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Before Summit With North Korea, Trump Is Heard (on Twitter) but Little Seen

SINGAPORE — President Donald Trump paid his respects here Monday to Singapore’s leader, a day before he is scheduled to make history in this prosperous Southeast Asian city-state by meeting Kim Jong Un of North Korea.

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, New York Times

SINGAPORE — President Donald Trump paid his respects here Monday to Singapore’s leader, a day before he is scheduled to make history in this prosperous Southeast Asian city-state by meeting Kim Jong Un of North Korea.

“We’ve got a very interesting meeting, in particular, tomorrow, and I just think it’s going to work out very nicely,” Trump told Prime Minister Lee Hsien Loong of Singapore, as the two men sat down for lunch in the colonial-era building that houses Lee’s office.

“We do appreciate your hospitality, your professionalism and your friendship,” Trump added.

Singapore’s government has turned this futuristic city into a giant stage set for Trump and Kim. On Tuesday, they will meet in a hotel on the nearby island of Sentosa, where tourists and locals go to visit the Universal Studios theme park or the crescent-shaped beach.

For Trump, Monday was a brief intermission between the tumult of an acrimonious Group of 7 meeting in Canada over the weekend and the looming spectacle of his encounter with Kim on Tuesday.

Trump stayed largely out of sight Monday in the heavily guarded Shangri-La Hotel, where he has been closeted with aides since landing in Singapore on Sunday evening. Less than a mile away, as if in a rival armed camp, Kim hunkered down at his own equally fortified hotel, the St. Regis.

Aside from the meeting and lunch with Lee, and a greeting to U.S. diplomats based here, White House officials said, Trump’s day was occupied by last-minute cramming for Kim.

But Trump refused to let go of his rancorous clash with European allies over trade. On Monday morning, from his hotel, he unleashed a fusillade of angry posts on Twitter about what he said were the predatory trade practices of Canada and several European countries.

“Sorry, we cannot let our friends, or enemies, take advantage of us on Trade anymore,” the president said in a tweet. “We must put the American worker first!”

Trump’s harsh words about the nation’s closest allies stood in stark contrast to his expression of sunny feelings toward Kim, a brutal dictator who, only a few months ago, threatened the United States with a nuclear attack and traded bitterly personal insults with Trump.

“Great to be in Singapore, excitement in the air!” tweeted Trump, who had yet to set foot outside his hotel since arriving.

While Trump consulted with his closest aides — including Secretary of State Mike Pompeo, chief of staff John Kelly and national security adviser John Bolton — a team of U.S. diplomats met at another nearby hotel for a final negotiating session with their North Korean counterparts.

The two sides were trying to lock down the language of a joint communiqué to be issued by Trump and Kim at the end of their meeting. The document is likely to have three sections, according to a person briefed on the negotiations, dealing with denuclearization, security guarantees for the North and immediate steps to be taken by both sides.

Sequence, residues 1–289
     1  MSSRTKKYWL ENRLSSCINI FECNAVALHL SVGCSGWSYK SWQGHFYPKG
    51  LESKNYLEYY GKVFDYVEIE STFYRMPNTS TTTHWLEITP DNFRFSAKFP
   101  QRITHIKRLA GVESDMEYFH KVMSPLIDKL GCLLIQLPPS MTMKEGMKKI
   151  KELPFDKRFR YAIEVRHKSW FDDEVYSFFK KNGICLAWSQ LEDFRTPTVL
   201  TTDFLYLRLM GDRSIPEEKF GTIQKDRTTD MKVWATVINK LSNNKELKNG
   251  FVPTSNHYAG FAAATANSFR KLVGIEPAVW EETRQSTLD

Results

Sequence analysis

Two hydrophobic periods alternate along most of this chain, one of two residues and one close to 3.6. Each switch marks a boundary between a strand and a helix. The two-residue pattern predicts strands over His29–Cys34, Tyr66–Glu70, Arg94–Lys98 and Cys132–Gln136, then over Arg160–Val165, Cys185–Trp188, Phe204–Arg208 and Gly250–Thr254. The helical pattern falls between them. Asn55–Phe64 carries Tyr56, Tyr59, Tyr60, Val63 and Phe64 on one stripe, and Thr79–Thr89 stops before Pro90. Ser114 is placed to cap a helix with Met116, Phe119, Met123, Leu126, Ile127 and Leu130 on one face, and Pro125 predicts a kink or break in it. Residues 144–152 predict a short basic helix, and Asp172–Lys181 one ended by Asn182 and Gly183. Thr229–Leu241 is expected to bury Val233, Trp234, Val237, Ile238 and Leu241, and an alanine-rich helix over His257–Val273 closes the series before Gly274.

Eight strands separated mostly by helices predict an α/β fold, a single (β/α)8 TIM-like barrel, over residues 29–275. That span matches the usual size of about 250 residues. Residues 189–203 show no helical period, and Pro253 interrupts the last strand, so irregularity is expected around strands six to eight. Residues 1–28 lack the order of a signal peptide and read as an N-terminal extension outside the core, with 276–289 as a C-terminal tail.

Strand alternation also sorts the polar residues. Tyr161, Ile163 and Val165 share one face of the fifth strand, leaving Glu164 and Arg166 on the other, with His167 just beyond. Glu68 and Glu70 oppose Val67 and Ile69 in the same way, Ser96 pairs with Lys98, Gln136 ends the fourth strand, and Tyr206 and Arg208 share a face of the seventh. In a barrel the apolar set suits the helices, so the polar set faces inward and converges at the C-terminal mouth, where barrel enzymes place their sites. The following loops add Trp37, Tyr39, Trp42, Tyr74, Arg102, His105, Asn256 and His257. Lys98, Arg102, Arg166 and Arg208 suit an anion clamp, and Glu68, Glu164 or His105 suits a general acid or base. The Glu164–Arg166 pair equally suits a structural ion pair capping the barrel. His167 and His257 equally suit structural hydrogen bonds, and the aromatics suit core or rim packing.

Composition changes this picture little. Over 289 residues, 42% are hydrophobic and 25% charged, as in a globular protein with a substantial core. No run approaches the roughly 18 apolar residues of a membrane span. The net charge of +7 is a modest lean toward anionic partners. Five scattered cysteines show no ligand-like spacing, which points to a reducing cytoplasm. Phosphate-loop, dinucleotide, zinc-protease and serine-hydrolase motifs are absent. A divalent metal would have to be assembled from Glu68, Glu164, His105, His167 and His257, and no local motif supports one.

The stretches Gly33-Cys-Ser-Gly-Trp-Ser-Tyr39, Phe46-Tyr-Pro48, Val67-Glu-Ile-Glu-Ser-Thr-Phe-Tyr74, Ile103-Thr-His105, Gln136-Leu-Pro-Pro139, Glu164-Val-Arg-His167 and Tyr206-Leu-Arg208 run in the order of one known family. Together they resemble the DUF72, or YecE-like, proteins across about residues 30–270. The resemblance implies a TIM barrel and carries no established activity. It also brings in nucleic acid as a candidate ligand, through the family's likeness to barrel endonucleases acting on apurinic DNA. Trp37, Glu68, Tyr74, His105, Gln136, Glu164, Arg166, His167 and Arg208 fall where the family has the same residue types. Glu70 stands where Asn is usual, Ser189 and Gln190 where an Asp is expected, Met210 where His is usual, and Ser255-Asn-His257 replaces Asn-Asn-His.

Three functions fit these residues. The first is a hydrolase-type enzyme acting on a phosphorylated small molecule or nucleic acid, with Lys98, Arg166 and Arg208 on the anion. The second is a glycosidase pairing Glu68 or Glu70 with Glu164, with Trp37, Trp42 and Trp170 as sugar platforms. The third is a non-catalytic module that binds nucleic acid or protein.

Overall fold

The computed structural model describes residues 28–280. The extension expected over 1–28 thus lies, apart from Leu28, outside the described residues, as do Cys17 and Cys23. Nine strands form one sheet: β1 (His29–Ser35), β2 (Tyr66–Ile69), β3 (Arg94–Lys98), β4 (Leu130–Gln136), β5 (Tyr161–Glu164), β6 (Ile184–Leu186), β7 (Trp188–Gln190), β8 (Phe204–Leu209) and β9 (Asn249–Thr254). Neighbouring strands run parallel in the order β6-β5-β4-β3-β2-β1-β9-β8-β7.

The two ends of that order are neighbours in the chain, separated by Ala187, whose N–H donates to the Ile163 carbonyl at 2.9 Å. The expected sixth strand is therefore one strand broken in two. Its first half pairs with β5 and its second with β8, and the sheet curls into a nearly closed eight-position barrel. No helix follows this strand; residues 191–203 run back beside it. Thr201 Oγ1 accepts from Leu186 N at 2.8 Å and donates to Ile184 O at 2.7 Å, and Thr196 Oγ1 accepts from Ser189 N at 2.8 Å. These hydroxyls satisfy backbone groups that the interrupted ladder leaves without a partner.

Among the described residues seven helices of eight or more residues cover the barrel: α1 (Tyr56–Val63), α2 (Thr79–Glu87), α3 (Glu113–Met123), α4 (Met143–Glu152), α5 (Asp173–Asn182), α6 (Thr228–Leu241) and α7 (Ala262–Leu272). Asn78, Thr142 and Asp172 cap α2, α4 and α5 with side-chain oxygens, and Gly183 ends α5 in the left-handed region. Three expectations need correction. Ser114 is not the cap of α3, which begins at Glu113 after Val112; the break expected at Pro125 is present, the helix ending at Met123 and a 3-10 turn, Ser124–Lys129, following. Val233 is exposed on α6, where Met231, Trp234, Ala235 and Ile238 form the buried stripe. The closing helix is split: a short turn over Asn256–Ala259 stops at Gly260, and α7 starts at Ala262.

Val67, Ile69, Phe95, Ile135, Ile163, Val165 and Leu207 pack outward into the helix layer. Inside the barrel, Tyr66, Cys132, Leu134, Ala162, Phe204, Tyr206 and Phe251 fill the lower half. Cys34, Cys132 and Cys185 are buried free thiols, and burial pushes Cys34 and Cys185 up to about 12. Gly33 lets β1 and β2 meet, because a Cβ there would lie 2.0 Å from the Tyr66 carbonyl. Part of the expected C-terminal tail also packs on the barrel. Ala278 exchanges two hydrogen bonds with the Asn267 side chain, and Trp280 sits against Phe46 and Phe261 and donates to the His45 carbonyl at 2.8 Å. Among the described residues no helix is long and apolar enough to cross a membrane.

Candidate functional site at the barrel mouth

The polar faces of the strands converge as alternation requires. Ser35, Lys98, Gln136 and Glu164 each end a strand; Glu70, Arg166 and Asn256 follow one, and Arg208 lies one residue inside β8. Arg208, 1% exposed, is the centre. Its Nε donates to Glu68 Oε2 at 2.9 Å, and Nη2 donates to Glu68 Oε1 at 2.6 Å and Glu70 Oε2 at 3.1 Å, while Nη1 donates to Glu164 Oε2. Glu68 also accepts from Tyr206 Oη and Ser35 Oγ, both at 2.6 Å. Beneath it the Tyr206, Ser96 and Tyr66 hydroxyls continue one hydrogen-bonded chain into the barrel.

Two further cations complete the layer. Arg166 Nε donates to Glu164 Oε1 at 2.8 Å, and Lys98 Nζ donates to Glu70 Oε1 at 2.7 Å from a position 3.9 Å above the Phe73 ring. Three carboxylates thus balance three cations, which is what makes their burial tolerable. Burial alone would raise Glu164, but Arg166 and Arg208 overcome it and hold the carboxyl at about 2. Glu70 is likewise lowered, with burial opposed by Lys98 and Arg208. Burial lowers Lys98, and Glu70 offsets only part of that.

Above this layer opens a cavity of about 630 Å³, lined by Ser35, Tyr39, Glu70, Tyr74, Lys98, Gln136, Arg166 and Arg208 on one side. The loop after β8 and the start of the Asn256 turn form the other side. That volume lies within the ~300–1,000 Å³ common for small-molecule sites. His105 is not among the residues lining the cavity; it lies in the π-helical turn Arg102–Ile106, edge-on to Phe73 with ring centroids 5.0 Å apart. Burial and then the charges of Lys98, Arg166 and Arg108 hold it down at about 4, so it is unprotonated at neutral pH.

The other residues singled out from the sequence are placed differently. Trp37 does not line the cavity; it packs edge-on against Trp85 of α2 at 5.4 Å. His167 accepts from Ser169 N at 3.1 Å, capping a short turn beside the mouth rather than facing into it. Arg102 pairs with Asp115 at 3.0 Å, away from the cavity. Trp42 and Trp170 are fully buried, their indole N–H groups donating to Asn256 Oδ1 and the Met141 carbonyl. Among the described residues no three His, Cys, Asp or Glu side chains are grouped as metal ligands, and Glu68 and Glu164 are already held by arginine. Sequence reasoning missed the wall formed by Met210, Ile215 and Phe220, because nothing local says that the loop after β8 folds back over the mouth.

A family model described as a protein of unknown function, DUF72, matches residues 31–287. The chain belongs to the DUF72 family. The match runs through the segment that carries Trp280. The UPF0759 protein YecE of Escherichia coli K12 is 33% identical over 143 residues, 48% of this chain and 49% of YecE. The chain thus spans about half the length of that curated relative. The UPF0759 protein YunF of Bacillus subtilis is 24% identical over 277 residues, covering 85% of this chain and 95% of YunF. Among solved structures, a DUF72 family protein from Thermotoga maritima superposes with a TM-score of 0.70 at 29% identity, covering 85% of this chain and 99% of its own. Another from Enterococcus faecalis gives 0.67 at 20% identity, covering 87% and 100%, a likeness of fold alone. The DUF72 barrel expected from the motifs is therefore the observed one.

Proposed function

The administration recruited Sung Y. Kim, a seasoned North Korea negotiator currently serving as U.S. ambassador to the Philippines, to lead that effort. Kim, the ambassador, and a small group of diplomats held a series of talks last week with the North Koreans in the town of Panmunjom, the so-called truce village in the Demilitarized Zone between North and South Korea.

The White House and State Department have said little about those talks, though people briefed on them said U.S. negotiators found it difficult to make significant headway with the North Koreans, in part because the White House did not back them up in taking a hard line.

In his public statements, Trump has shown gradually greater flexibility toward North Korea, saying he viewed its disarmament as a “process,” rather than something to be done all at once, and disavowing the phrase “maximum pressure,” after making it the centerpiece of his policy. Some foreign-policy experts said the breakdown at the Group of 7 meeting would play to North Korea’s advantage, since Trump can ill afford a second failed summit, back to back. The president has consistently predicted success, even as his definition of that has grown foggier.

The unraveling of the Canada summit meeting increases the North Korean leader’s incentive to “up his asks and limit his compromises and for Trump to do the opposite,” Richard Haass, president of the Council on Foreign Relations, said on Twitter, adding, “Hardly the ideal context.”

Still, other analysts said Kim was as determined as Trump to make this meeting a success. That, as much as Trump’s need for a win after Canada, may guarantee a positive outcome.

“The underlying driver is a transformational process of Kim Jong Un leading North Korea into a new place in the region and the world,” said John Delury, a professor of Chinese studies at Yonsei University in Seoul. “Kim and Trump both seem to want the same thing: a dramatic reversal in the U.S.-North Korea relationship, which can be attributed to their vision.”

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